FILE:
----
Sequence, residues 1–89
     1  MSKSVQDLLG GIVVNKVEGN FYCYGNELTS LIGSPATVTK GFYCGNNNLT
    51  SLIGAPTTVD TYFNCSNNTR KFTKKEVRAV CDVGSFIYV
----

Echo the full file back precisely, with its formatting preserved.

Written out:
Sequence, residues 1–89
     1  MSKSVQDLLG GIVVNKVEGN FYCYGNELTS LIGSPATVTK GFYCGNNNLT
    51  SLIGAPTTVD TYFNCSNNTR KFTKKEVRAV CDVGSFIYV